This is a question, not a how-to- I've had several applications in the past where I wanted to use a heating element made into some special shape, or wound specifically for one application, etc. What I've usually done is mechanically fasten the nichrome wire to a terminal, which then has a copper wire leading away from it to a power supply. In most cases this works, but is not ideal, especially where there's little room and a low profile is required. What would be better is to have a heat-resistant but highly conductive lead-out wire attached to the ends of the heating element wire.
At first thought, spot welding would seem to be the way, and maybe that is the ultimate answer. How best to do this?
Most connections I see have the wires crossed, and the spot weld is visible between them. In many cases I would prefer the wires laying side by side, and the spot weld taking up a short length along the sides of each wire. I would also be happy to find that a good connection can be made by butting the ends of the wires together and making the weld.
The gist of my question is how would one go about making a good butt weld between nichrome wire and a proper lead-out wire? And what should that lead-out wire be made from?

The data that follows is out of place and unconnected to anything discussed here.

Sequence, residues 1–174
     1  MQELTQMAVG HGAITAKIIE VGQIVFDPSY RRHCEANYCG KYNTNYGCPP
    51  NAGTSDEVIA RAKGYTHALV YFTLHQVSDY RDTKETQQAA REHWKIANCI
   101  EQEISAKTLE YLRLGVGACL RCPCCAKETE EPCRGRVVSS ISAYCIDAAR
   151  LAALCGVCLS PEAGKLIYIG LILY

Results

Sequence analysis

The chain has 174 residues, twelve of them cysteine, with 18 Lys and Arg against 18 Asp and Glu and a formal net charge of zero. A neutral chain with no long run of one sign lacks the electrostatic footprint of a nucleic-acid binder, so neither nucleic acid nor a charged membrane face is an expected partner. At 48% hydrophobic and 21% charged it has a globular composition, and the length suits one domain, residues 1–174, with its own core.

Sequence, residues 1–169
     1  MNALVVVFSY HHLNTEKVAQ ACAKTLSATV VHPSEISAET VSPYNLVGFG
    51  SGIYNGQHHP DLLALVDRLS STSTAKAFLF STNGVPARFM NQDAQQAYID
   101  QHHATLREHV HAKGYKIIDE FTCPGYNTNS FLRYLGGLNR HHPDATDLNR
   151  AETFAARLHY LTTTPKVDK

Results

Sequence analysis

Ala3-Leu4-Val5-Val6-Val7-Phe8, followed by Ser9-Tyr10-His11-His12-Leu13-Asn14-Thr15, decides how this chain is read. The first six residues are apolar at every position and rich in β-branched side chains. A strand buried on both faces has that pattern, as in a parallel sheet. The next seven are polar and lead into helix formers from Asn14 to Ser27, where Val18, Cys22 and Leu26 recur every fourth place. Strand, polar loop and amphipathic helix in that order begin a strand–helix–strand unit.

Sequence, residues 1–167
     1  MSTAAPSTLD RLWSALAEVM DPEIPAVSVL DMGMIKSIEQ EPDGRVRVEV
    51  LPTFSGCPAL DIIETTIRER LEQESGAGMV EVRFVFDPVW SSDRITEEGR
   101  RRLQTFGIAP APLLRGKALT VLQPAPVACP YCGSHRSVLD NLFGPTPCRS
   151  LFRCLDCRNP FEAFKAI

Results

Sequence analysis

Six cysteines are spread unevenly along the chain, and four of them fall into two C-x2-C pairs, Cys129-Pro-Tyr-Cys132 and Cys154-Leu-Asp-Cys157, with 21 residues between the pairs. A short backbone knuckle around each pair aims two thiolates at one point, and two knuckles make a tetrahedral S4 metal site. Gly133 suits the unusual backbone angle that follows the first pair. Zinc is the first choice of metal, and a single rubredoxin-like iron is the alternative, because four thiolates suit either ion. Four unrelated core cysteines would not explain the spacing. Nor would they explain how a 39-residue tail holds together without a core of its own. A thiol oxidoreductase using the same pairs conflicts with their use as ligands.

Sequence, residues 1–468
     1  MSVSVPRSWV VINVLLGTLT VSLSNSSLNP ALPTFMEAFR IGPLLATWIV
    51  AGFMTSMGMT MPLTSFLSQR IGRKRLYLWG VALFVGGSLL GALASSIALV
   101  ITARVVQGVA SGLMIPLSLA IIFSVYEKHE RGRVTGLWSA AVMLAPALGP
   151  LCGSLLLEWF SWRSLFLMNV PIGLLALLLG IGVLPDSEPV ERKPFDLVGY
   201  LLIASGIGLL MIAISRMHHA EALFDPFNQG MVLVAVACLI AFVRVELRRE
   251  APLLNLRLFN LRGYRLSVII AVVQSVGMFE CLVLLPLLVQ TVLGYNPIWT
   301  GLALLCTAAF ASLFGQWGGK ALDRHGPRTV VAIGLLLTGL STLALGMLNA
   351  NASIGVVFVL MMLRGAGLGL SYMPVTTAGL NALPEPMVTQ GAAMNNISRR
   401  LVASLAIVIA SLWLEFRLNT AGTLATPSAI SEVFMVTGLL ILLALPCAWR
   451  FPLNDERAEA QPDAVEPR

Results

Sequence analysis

Then I thought of another option- plating copper on the end couple inches or whatever of the nichrome wire, then plating over that with a protective layer, possibly chrome. I realize that the copper layer would have to be a substantial thickness in order to keep that section of the wire from heating due to the current, and I think it needs to be plated in order to survive. If this kind of thing would work, it would be most elegant. You could just wind or fold the element wire into the shape you need it, making sure that the first and last part of it is where the plating starts. Further to that, if there's some way to protect the copper plating from heat by the heating action itself, you could form the element first, then paint on a protective compound and fire it up. The heat would 'glaze' the paint where it gets hot enough to, and the copper on the rest of the lead-out wire would survive because it doesn't get that hot.
That's the idea anyway. Comments and ideas welcome.